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Porn in Wisconsin

Some people just don’t get that there’s a difference between what you do in the privacy of your own home and what you do in public are held to different standards. If I want to spend my day sitting around naked watching Netflix at home, it’s nobody’s business. If I do the same thing at Starbucks, it’s pretty much everybody’s business. But at least one person in Wisconsin didn’t learn that important message until now, when he found he “didn't have a constitutional right to view pornography on a university library computer,” according to a state appeals court. Maybe he hasn’t learned the lesson, but he should. A little over a year ago he was in the library at the University of Wisconsin-Eau Claire watching porn on one of the computers. It doesn’t say for sure, but based on the story clues he probably wasn’t even a student. He just came in for the porn, which is the kind of thing most people realize is creepy. Some students complained, the police were called, and the man ...
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Privacy in Wisconsin

Wisconsin has been an exciting place for politics the last few years if you’ve followed the exploits of Scott Walker any. Now there’s a little library action to liven things up on that front. The state Senate's Elections and Local Government unanimously approved a bill Tuesday that would create exceptions to privacy laws protecting library users' identities so libraries could report delinquent borrowers to collection agencies and police. Now if the Senate votes for it, it’s law. That should make some librarians in Wisconsin pretty angry, at least the ones that go along with the ALA’s views on privacy. A lobbyist for the Wisconsin Library Association seems okay with it, since he “said the bill would help establish uniform procedures for recovering overdue materials.” According to the ALA, personal information about individuals’ library use should be kept confidential unless requested by a court order. That also seems to be current Wisconsin law, according to the article, but ...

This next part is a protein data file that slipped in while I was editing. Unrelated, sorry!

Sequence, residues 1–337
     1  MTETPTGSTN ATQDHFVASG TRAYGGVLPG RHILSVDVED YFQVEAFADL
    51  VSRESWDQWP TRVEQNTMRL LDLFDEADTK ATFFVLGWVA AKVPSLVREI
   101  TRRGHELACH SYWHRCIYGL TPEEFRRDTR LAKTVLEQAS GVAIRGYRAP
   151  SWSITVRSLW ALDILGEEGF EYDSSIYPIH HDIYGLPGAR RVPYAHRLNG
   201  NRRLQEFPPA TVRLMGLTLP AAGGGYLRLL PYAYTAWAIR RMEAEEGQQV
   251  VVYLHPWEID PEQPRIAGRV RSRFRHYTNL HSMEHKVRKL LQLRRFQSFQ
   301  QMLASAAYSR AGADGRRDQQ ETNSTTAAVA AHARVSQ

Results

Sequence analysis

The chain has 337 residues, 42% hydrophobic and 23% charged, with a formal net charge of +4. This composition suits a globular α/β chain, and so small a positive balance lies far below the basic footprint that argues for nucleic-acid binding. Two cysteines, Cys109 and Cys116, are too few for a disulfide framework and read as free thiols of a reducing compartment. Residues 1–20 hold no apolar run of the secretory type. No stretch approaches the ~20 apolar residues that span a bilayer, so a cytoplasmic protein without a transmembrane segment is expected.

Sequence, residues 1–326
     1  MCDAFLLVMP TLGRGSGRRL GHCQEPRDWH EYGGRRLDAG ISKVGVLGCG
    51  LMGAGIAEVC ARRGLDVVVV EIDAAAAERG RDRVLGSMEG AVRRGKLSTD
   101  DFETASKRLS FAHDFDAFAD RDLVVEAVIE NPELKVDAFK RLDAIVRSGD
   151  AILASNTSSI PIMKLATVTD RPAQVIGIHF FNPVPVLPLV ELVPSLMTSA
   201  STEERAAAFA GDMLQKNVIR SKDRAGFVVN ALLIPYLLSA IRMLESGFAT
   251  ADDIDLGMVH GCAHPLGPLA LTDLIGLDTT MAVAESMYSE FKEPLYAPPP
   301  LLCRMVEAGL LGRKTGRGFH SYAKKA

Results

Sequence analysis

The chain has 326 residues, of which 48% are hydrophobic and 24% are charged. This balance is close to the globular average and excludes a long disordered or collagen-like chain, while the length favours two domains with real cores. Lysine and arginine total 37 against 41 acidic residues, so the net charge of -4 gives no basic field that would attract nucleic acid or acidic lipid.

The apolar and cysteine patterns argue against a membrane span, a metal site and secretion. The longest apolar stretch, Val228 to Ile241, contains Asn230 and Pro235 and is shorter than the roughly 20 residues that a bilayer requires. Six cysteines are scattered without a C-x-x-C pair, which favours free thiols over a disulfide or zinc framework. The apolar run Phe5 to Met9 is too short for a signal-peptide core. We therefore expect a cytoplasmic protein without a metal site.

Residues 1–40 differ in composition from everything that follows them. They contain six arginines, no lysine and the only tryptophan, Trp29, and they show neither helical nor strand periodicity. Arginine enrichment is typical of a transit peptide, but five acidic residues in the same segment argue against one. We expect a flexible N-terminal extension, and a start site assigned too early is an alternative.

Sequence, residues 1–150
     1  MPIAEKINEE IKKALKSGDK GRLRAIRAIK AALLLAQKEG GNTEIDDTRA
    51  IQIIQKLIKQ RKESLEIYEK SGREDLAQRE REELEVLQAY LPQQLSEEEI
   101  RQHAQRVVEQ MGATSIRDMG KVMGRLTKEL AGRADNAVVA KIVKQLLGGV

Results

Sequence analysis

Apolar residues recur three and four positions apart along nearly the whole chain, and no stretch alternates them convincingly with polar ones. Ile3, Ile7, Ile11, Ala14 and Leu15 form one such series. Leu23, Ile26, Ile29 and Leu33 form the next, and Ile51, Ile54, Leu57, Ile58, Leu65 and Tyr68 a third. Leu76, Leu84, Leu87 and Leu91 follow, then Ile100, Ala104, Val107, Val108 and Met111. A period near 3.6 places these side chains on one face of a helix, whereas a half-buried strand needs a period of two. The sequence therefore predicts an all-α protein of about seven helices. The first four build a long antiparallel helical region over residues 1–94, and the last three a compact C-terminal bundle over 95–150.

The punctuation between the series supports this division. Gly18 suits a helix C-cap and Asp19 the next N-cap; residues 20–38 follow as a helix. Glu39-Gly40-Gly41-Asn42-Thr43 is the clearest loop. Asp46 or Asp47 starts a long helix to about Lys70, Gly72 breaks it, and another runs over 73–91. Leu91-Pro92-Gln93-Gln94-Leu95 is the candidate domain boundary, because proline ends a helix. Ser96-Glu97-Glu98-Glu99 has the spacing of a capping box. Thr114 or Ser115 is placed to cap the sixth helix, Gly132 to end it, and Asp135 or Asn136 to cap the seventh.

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Unenforceable Fees

If you want some librarian inspiration, albeit in the midst of tragedy, you could do worse than this encomium to his brother, a librarian murdered in the attack on Bacha Khan University in Pakistan: “He said that his brother has sacrificed his life to tell the terrorists that no one can stop our children from taking education.” Let’s hope the rest of us never have to make that sacrifice. If you want to be less inspired by what libraries are doing for the community, you might take a look at Park Ridge, IL, where the library is going to start charging fees for some people to sit at its tables. “For-profit tutors and groups of two or more people conducting business at the Park Ridge Public Library will need to open their wallets beginning in March.” We’ve encountered Park Ridge before, with its rude and condescending library board member, and others whining about the mere existence of tutors in the library. I guess the whiners have won. Or at least they’ve won on paper, ...